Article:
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Alissa Jacobs, Maggie Shiffrar; Multifaceted Vision: How Desert Ants Navigate — Mini Brains, Mega Tasks, Smart Solutions. Journal of Vision 2003;3(9):88. doi: https://doi.org/10.1167/3.9.88.
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© ARVO (1962-2015); The Authors (2016-present)
Human observers exhibit a remarkable degree of visual sensitivity to the movements of other people. From the motions of a few point-lights, observers can readily identify human actions and even psychological attributes, such as gender, mood, and effort. What accounts for this exquisite level of visual sensitivity to human movement? One possibility is suggested by the fact that human movement represents the only motion category which humans both produce and perceive. To the extent that the visual and motor systems interact, this raises the question of whether observers' own bodily actions can influence their visual analysis of the human movement. To that end, we examined how well observers can compare their own movements to the movements of other people. To do this, point-light walker displays were presented next to subjects walking on a treadmill. The point-light walker always produced a physically possible gait. The gait speeds of the point-light walker and the walking subjects systematically varied between 2.0 and 6.5 km/hr across trials. In a 2AFC procedure, on each trial, subjects reported whether their speed was faster or slower than the point-light walker's speed. Across conditions, subjects wore a vest with or without weights while performing this self-relative speed discrimination task. To the extent that the visual and motor systems interact during the visual analysis of human movement, visual sensitivity to gait speed should vary as a function of observers' own motor activity. Consistent with this prediction, the results revealed accuracy increments with increases in the difference between gait speeds of the subject and point-light walker. Importantly, a systematic performance shift was evident when observers wore the weighted vest. The more weighted or fatigued the subjects, the faster the point-light walkers appeared to move. Thus, motor activity influences the visual analysis of human movement.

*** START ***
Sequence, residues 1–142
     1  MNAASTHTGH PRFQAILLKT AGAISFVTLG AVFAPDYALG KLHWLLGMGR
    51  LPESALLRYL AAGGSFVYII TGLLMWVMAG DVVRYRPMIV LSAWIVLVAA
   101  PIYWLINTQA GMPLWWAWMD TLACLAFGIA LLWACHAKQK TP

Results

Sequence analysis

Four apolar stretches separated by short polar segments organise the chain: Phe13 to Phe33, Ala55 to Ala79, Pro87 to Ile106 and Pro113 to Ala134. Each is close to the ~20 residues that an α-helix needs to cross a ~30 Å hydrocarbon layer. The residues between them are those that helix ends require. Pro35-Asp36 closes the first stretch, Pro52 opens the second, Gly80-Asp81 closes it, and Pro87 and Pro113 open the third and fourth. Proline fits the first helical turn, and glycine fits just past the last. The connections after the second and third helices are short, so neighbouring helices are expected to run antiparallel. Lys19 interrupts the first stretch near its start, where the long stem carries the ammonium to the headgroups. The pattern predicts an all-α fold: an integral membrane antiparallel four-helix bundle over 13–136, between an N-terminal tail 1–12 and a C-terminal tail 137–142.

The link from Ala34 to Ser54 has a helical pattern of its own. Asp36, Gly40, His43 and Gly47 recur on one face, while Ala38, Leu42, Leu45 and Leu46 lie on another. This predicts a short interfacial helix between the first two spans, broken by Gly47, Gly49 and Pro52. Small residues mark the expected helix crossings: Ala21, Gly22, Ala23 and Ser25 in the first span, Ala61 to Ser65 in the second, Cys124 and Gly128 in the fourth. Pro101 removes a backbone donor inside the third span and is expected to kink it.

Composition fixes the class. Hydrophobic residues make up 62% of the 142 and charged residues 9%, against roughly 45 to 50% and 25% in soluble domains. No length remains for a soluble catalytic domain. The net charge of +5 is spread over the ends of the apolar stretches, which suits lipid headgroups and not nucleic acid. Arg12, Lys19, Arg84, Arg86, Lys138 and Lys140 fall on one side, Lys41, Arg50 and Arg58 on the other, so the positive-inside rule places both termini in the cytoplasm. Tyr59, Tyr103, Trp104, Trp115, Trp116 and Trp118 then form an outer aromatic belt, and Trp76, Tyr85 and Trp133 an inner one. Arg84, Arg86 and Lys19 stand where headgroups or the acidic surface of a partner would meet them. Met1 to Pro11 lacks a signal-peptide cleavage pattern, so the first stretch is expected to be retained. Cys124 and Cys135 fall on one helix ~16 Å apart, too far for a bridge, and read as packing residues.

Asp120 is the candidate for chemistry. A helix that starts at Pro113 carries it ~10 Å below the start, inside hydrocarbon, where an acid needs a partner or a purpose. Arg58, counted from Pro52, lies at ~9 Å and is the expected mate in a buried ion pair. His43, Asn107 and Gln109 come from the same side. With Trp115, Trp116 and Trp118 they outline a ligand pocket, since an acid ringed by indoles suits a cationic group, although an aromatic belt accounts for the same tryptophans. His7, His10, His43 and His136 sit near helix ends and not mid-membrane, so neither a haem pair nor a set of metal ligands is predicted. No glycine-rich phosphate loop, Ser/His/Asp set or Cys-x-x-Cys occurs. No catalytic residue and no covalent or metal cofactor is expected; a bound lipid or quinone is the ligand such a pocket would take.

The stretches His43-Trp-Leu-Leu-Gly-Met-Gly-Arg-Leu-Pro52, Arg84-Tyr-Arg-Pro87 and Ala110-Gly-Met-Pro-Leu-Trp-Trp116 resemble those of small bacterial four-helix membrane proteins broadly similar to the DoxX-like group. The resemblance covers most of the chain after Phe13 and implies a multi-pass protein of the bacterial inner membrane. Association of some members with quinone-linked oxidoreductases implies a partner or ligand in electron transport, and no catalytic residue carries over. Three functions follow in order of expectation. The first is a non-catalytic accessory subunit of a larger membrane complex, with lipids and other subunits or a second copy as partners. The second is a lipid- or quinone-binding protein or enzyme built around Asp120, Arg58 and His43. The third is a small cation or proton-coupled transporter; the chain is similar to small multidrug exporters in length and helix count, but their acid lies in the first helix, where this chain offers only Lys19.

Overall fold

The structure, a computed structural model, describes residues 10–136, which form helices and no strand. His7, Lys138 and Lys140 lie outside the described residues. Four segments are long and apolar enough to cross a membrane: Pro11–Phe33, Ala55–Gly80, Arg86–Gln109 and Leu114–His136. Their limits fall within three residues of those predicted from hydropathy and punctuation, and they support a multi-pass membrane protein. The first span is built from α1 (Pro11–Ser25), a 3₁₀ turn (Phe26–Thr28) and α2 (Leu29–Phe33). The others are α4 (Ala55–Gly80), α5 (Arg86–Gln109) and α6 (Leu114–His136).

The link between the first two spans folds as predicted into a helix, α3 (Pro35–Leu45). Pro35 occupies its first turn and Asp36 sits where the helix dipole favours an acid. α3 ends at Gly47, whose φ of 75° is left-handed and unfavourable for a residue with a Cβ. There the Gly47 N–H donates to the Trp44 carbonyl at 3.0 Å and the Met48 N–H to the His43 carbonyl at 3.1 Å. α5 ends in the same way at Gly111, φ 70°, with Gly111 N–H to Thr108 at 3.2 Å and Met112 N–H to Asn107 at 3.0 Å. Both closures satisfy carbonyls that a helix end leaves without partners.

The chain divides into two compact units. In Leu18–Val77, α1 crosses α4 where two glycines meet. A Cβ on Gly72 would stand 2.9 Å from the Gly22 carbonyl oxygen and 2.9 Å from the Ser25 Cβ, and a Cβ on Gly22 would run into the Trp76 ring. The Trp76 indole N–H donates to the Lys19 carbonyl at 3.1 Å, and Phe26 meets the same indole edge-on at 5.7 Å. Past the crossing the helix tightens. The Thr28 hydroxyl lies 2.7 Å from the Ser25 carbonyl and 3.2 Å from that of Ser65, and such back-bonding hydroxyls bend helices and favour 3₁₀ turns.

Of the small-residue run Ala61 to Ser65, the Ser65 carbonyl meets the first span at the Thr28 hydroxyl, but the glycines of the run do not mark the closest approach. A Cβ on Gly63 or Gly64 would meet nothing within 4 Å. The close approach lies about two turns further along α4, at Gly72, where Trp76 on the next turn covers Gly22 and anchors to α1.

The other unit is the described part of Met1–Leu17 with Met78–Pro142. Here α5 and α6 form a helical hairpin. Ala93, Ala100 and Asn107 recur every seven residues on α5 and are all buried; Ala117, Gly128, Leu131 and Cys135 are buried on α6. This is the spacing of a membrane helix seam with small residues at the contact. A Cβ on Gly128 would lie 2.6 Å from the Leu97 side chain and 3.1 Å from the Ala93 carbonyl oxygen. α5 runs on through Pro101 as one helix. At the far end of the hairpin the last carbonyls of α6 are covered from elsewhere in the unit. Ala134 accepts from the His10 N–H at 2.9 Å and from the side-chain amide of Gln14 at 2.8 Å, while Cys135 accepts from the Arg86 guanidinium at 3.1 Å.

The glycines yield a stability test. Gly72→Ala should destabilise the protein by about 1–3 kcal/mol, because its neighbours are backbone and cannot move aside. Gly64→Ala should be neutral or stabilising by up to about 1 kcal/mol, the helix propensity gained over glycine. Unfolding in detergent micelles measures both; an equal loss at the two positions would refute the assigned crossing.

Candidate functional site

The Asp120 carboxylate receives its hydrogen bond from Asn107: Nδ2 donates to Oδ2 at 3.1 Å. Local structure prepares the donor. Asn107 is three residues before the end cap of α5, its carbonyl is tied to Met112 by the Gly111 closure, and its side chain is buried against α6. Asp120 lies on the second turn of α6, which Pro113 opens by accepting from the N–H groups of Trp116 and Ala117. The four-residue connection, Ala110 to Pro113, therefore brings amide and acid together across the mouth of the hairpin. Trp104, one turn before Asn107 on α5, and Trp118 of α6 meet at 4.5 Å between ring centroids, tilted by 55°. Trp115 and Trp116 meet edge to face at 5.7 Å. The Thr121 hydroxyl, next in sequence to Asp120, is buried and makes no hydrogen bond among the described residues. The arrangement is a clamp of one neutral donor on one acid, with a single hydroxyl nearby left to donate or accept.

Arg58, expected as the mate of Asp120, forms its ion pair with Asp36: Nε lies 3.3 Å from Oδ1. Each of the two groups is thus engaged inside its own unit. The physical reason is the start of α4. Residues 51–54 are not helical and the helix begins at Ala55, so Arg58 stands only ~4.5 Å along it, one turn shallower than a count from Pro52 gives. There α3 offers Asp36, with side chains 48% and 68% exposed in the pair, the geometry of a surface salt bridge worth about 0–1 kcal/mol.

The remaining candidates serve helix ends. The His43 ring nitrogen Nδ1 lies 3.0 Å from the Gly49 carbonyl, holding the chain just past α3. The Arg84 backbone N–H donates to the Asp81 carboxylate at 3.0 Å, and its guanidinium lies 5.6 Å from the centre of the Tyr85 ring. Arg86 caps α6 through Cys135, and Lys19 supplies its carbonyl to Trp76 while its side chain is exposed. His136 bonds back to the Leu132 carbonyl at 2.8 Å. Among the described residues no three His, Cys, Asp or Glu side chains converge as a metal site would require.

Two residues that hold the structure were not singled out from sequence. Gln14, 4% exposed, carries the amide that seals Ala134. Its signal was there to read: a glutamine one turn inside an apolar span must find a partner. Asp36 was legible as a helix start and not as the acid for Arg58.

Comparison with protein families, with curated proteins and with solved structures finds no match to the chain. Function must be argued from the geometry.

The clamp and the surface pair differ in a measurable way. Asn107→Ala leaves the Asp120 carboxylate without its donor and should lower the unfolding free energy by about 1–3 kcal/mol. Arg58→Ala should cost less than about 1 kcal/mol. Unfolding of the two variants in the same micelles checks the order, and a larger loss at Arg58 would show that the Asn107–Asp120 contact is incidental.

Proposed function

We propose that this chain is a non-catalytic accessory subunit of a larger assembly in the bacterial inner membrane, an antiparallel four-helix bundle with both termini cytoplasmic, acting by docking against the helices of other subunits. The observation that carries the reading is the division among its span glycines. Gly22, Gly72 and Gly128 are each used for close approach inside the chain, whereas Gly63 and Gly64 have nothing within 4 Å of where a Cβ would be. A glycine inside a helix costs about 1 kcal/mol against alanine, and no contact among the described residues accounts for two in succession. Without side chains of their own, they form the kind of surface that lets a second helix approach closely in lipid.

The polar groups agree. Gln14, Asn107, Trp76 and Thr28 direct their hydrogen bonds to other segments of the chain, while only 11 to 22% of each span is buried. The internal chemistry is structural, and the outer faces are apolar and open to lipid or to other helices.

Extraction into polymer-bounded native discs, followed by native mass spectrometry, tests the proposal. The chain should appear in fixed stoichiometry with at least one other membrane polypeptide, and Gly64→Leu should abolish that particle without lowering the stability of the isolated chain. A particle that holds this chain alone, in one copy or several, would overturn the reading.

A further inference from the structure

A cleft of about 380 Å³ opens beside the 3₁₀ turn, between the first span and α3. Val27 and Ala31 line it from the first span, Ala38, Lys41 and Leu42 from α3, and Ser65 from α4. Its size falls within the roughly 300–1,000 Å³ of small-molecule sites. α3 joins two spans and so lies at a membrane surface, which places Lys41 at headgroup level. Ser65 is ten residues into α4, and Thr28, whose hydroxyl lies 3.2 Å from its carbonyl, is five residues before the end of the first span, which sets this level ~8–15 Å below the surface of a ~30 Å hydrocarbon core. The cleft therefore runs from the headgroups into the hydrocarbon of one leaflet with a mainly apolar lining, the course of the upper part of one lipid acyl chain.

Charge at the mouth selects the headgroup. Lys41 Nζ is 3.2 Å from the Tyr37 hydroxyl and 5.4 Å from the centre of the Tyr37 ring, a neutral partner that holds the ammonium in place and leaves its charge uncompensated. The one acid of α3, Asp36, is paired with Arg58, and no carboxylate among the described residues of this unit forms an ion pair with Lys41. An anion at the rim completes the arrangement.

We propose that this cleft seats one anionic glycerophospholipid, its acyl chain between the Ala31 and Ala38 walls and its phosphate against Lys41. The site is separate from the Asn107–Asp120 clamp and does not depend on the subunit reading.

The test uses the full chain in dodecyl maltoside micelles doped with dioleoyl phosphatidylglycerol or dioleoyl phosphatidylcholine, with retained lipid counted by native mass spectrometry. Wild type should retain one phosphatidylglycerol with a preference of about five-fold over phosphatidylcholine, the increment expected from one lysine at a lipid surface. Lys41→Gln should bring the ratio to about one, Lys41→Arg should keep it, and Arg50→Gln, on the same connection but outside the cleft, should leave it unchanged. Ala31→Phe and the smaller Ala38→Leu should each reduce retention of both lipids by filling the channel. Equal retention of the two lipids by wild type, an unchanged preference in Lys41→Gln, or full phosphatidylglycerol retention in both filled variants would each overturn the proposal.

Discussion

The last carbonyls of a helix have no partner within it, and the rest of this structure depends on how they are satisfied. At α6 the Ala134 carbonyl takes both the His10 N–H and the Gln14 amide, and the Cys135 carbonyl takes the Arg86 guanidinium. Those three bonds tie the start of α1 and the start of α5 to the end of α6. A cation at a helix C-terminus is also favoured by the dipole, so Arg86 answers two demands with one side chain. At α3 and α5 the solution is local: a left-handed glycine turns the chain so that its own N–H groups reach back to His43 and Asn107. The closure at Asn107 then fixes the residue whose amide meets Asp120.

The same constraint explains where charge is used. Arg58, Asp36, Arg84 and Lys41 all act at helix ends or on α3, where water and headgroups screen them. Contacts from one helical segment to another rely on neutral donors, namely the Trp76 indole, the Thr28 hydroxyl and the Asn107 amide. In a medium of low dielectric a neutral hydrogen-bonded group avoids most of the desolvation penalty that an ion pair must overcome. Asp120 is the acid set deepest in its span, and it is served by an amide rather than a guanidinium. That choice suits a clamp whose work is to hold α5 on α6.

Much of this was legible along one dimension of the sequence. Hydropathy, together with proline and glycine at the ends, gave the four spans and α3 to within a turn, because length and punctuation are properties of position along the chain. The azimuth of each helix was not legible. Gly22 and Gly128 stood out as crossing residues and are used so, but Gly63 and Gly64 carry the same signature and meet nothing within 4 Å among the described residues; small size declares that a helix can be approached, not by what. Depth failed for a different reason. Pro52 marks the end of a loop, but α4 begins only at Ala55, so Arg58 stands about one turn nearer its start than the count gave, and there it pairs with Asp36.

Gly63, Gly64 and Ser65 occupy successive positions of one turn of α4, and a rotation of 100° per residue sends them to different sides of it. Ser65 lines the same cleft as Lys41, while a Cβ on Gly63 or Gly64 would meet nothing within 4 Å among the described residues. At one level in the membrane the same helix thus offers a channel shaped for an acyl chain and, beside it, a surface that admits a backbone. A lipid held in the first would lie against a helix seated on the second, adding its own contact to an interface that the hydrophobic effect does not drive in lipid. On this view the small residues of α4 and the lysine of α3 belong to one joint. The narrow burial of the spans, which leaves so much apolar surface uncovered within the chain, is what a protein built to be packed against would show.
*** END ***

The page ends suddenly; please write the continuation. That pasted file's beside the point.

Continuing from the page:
Over the past three decades Rüdiger Wehner' research has revolved around the general question how a 0.1-mg brain of a 10-mg insect solves complex computational tasks. In trying to answer this question he focused on the extraordinary navigational skills of visually guided desert ants, Cataglyphis, and did so by interactively combining behavioural experiments with optical, neurophysiological and neuroanatomical studies, computer simulations and, most recently, robotics implementations. This interdisciplinary enterprise has led to the analysis of a number of dedicated neural systems that deal with particular aspects of the ant's overall navigational task. How these neural modules interact provides insights into the computational strategies of neural systems and the insect' “distributed intelligence”.
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